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Every small backyard, or frontyard, or sideyard, can provide valuable natural habitat. Native plant garden choices include rain gardens, butterfly gardens, native plant borders, stop-over habitats for migrating birds, woodland gardens or formal plantings using natives.

The WPPC established the Garden Mapping Project, to further Doug Tallamy's goal of creating habitat corridors. Tallamy's book Bringing Nature Home proposes creating habitat corridors, utilizing “…mountain ridges, riparian corridors, cross-country power lines, roads and rangelands. …expand our traditional definition of a corridor, because the ones we have are not big enough. …Biological corridors must do more than facilitate movement—they must support life.”

Backyard native plant gardening is another important component of Tallamy's vision which he calls a “Backyard National Park”, eventually covering millions of acres. The WPPC invites and encourages you to tell us about your backyard garden so we can demonstrate patterns, numbers and sizes of properties that are already sharing in this effort.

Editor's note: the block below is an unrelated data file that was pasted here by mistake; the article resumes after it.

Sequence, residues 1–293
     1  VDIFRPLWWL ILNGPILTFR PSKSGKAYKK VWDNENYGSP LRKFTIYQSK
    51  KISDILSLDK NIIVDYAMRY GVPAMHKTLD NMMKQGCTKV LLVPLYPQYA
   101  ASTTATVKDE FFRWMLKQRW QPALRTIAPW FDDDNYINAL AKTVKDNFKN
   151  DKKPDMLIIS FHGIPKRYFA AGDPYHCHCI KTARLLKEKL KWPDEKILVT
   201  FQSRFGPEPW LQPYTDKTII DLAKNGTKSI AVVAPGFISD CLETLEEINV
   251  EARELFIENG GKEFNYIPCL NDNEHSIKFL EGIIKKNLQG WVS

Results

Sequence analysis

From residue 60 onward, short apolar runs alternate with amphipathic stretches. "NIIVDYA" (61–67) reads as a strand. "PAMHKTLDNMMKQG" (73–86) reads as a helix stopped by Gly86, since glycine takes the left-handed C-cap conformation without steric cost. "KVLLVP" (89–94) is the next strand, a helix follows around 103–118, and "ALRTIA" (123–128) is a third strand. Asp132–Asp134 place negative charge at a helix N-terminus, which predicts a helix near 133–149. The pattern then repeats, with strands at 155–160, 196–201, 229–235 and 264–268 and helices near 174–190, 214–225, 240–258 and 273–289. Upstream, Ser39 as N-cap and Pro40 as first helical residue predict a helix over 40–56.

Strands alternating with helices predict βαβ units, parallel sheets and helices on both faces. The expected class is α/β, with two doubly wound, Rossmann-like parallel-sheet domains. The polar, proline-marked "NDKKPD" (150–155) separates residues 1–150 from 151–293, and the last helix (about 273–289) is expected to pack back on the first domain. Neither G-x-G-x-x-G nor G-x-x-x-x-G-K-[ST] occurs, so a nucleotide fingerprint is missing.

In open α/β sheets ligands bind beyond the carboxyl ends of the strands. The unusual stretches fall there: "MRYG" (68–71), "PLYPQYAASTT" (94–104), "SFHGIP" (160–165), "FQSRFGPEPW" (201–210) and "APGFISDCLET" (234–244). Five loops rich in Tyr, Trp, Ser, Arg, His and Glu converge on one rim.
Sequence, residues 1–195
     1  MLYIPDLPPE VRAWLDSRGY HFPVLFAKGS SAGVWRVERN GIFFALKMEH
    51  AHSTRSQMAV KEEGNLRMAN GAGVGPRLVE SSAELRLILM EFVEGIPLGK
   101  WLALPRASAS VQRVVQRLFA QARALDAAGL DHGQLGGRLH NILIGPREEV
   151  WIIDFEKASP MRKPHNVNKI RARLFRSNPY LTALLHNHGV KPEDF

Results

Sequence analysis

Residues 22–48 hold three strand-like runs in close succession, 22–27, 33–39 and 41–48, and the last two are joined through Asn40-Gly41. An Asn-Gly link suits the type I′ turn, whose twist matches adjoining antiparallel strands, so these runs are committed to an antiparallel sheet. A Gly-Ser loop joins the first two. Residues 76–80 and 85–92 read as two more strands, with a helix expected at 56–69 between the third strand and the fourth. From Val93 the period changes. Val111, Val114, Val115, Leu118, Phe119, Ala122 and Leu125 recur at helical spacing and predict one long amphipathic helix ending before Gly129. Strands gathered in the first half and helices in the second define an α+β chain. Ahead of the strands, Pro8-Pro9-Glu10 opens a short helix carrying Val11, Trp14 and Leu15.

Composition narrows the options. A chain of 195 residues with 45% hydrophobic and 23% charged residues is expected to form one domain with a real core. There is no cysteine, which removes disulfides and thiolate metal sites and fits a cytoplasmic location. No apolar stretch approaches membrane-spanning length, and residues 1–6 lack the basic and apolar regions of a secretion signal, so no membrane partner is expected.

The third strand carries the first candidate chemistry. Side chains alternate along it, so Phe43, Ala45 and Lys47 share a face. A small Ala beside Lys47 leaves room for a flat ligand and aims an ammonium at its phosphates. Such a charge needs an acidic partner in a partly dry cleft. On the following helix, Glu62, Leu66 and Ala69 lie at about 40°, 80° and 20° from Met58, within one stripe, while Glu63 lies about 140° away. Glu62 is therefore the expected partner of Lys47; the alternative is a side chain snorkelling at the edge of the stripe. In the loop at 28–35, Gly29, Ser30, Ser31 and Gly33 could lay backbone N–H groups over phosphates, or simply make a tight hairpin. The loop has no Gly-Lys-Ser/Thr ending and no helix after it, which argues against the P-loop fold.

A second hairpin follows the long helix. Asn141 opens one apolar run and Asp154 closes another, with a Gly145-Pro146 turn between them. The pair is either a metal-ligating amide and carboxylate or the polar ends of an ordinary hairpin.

This mapping project is an important tool to reveal locations, pathways and connectedness of properties with native plantings. It also identifies where there are gaps so that we can try to address them. There is significant national interest in Tallamy's habitat corridor concept. A budding Chicagoland region-wide initiative could serve as an example and inspiration for the rest of the country. The Garden Mapping Project provides an important tool to help us implement Tallamy’s vision.

Add your garden, large or small, to the WPPC Garden Mapping Project map! Tell us about your backyard native garden by downloading and returning our questionnaire today.